The explicit and hidden returns of training
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The explicit and hidden returns of training

  Jimmy S. Haddad | Partner

  16th October, 2016

A spark is all it takes to analyze matters thoroughly and this article was triggered by a legitimate question once received from a client – What is the return on investment (ROI) in training? I found myself reiterating a textbook answer by focusing on monetary costs, benefits and the ROI formula. But hold on a second (a sounding voice whispering in my ear), is ROI restricted to matters of monetary costs and benefits? My answer is a definite NO. The return on training investments are greater than just the explicit tangible returns. Training offers quantitative, explicit benefits that can be converted to monetary values as well as hidden, qualitative benefits that cannot be converted to monetary values or would require a lot of time and effort to convert.

Ask a finance professional on the meaning of return on investment and you would probably learn that it is a performance measure used to evaluate the efficiency of an investment, in other words, ROI measures the amount of return on an investment relative to the investment’s cost. To calculate ROI, the benefit (or return) of an investment is divided by the cost of the investment, and the result is expressed as a percentage or a ratio. i

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Two key terms (benefits and costs) are used in this definition. From a conventional accounting perspective, benefits are the improvements in performance measured in monetary terms that are a direct consequence of the training. Costs are all fees (direct and indirect) paid by the organization for the concerned training. With these terms explained in this way, one could say that this formula can be used to measure a training’s ROI. However, are those monetary benefits the only benefits of a training intervention?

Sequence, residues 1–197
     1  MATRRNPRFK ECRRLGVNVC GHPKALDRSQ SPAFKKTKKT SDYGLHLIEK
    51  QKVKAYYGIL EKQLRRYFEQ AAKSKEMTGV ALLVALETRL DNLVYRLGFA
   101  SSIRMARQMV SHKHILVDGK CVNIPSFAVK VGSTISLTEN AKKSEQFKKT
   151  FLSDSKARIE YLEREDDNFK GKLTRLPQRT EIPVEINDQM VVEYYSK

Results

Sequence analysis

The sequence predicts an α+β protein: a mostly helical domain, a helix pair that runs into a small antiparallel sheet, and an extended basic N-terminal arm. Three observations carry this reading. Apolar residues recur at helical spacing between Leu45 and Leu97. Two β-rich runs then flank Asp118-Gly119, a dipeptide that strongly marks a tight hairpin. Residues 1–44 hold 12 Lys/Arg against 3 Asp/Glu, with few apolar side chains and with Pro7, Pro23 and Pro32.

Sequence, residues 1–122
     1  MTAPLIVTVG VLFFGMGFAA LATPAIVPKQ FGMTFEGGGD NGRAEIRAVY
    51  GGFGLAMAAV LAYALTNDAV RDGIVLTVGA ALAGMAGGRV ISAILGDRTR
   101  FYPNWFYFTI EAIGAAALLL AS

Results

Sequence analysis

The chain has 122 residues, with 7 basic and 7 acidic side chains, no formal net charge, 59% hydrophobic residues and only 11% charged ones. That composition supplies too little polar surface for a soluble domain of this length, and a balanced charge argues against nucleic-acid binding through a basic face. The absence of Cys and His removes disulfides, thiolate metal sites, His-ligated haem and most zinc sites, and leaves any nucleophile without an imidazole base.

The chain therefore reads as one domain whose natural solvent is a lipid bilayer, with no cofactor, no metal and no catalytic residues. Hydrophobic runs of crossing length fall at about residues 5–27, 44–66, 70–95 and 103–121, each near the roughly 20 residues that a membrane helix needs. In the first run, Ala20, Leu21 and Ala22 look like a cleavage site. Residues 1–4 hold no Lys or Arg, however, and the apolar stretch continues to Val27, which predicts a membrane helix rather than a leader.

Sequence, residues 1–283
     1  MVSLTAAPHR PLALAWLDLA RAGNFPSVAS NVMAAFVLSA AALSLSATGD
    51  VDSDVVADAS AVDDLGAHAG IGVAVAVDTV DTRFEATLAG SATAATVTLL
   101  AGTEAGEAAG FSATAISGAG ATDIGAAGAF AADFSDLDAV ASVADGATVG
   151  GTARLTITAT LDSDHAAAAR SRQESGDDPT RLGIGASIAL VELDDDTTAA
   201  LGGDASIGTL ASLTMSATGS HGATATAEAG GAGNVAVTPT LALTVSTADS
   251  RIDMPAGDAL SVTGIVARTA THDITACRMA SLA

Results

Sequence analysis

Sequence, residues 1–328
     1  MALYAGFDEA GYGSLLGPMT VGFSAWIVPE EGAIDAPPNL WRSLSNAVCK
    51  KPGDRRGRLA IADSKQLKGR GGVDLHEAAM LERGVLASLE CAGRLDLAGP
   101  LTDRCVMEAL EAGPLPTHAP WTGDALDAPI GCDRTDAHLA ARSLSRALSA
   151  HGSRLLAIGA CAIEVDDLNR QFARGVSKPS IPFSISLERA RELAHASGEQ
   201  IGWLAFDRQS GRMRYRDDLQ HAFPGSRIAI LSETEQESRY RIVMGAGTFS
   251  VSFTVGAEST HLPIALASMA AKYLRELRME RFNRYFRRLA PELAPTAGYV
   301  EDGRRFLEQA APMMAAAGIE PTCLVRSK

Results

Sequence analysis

To begin to understand the answer to the above question, we need to have a deeper understanding of what training is and what benefits can be gained. By definition training is the action of teaching a person a particular skill or type of behaviorii. In organizations this requires a set of organized activities aiming to impart knowledge, enhance skills and influence attitudes. Positive changes in behavior at the individual level improves individual performance, and this spills over to the organizational level in the form of improved organizational productivity. Therefore the return on training investment is both individual and organizational, with some aspects easily convertible into a monetary value while others would be very difficult to convert.

From many organizations’ perspective the focus is on making sure that every dollar spent on training yields monetary benefits. This is a logical equation for any private organization whose focus is profitability and the bottom-line. But it is not so true for government entities whose primary focus is on elevating the abilities of national talent and creating a sense of job and social security.

Regardless of the type of organization (private or government) and the reason behind measuring the return on training, a formal methodology for calculating returns should exist. Perhaps the most widely used models are the new world Kirkpatrick model and Jack Phillips’ ROI model and process.

The table below summarizes the phases of the models:

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Do such proposed models measure returns from an individual or organizational perspective? And are the measured returns explicit or hidden?